At a cooking site, not a full-fledged kitchen, the role of food containers is more crucial and more intricate. Under the best circumstances, newly filled containers will be arriving at the shop as newly cleaned containers are heading out for more supplies.

Setting the Table

We have varied plates and forks and glasses here at the shop, some better than others. But we are very consistent about one thing: We always set the table. We never serve lunch without place mats. They need not be more than the sheets from last year's calendar, the brown wrapping from a package, or the blank back pages from a half-used ledger pad. We have cut out two sides of a shopping bag and made some elegant settings that way.

Fork on the left, knife and spoon atop a napkin on the right — it makes all the difference in the world.

If you are very lucky, then you have a place near your work that sells fresh flowers; having them on the table will add a true touch of elegance to a lunch. You need not buy elaborate bouquets. A few tulips in the spring, a couple of peonies in June, the roses of August, and the summer dahlias — they are the colors of a season. By fall, you can add the lovely geometry of dried flowers and branches to the asters. By winter, you are confined to the colors and flowers of other climates and hemispheres and to dreaming of spring.

Buying flowers is not an easy habit to maintain. I knew a man who wrote into his will that, after his death, a rose should be delivered to his wife every week for the rest of her life. He died five years ago and is still getting credit.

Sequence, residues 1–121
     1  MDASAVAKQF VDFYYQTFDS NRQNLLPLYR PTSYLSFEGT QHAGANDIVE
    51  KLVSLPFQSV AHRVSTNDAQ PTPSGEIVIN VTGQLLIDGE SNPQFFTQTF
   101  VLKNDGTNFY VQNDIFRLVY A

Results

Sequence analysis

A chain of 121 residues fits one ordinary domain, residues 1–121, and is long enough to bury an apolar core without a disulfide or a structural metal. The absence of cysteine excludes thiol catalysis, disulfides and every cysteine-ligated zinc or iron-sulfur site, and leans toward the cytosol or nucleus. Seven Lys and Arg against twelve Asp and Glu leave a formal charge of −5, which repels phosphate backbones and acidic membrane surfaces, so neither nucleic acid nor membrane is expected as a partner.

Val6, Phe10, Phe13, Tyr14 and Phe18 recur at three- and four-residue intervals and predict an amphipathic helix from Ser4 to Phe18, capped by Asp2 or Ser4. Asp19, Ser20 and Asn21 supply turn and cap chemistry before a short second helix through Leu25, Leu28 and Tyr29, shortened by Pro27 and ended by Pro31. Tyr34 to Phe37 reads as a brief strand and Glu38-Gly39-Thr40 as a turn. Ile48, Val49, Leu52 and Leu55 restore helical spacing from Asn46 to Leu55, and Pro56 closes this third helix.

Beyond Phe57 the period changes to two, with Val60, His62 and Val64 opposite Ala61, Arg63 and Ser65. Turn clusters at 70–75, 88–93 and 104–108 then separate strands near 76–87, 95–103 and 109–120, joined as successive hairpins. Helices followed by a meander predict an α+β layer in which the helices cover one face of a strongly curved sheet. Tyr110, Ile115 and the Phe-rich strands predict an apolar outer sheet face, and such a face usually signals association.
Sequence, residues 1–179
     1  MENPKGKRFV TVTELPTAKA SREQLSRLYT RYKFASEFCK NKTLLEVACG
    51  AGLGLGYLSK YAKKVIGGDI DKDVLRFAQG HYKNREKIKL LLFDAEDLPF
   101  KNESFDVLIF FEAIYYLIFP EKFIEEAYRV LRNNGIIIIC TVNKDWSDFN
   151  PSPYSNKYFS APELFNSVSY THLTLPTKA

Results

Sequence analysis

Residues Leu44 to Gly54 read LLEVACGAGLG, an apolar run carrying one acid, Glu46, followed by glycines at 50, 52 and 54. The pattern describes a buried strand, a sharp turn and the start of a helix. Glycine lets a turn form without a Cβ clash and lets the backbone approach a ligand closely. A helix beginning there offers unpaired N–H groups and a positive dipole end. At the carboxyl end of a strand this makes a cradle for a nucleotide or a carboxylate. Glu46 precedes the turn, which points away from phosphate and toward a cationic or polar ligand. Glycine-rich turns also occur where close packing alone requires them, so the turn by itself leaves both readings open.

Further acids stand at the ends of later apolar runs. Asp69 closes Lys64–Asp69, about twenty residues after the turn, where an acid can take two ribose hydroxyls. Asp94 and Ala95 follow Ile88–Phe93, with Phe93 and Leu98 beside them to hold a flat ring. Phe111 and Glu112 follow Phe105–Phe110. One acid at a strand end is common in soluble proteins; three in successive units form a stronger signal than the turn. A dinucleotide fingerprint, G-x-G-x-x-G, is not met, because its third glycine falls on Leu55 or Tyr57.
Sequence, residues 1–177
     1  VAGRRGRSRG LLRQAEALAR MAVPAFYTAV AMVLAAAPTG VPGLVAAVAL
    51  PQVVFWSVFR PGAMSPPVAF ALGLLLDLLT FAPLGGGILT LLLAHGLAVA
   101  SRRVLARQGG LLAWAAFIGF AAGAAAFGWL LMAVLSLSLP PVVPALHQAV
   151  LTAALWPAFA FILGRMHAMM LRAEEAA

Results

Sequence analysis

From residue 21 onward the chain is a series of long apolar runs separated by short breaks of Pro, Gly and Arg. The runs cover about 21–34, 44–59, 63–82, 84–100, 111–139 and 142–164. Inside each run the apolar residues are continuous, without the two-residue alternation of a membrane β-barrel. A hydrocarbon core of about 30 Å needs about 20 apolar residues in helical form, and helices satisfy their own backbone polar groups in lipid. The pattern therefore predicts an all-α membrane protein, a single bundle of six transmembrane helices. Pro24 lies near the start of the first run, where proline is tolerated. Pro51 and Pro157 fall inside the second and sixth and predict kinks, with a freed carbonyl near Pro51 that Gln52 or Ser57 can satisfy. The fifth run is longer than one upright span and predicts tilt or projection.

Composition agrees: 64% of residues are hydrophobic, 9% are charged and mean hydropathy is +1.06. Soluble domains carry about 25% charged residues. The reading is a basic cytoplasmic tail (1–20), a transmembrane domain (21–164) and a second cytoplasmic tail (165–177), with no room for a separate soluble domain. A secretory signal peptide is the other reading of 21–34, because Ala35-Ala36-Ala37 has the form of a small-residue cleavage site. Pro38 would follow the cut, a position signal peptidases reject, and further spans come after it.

ESSENTIAL FOODS: Specific On-Site Ingredients

These essential foods are the heart of what you will be making for lunch — if you want to scrimp, try to do it on something else (perhaps fuel consumption). There will be days that are carried and rescued by the quality of these products, days when your spirits have flagged but the essentials bring you back up.

It is not necessary to have all the essentials on hand at the same time. Some essentials, such as breads or meats or cheeses, are conditional. We keep a feta on hand as much as possible, for it can brighten a salad or make a very small amount of lentils seem consequential. If there is a reason to celebrate or luxuriate, be it success or not, we often splurge on prosciutto; it is expensive — in a way, the Champagne of meats. Even one slice, laid on a plate with a little fig paste and a chunk of Parmesan, can, like a glass of bubbly, bring a smile.